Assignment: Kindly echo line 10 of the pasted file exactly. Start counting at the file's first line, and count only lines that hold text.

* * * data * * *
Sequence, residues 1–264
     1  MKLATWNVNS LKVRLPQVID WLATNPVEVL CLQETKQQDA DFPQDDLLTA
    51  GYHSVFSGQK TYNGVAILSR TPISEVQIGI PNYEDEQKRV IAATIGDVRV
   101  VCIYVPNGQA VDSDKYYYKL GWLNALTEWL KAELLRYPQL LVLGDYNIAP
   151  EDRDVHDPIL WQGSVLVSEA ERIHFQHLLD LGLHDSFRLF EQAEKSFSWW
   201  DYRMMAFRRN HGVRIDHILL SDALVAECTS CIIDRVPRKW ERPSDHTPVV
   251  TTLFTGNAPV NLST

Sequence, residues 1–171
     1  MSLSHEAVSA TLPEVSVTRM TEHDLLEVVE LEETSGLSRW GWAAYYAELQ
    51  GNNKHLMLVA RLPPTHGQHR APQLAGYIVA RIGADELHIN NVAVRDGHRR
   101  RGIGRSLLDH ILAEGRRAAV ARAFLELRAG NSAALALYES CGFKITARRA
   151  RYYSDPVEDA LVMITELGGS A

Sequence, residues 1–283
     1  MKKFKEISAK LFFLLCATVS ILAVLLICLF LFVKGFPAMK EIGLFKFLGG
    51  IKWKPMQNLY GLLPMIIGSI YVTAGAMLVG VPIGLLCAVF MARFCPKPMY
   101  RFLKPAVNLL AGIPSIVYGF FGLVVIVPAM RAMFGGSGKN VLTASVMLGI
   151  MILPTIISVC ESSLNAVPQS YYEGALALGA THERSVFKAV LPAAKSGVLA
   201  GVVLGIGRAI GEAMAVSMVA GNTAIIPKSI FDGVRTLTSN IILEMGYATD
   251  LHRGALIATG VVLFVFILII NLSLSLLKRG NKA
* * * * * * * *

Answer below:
    51  GNNKHLMLVA RLPPTHGQHR APQLAGYIVA RIGADELHIN NVAVRDGHRR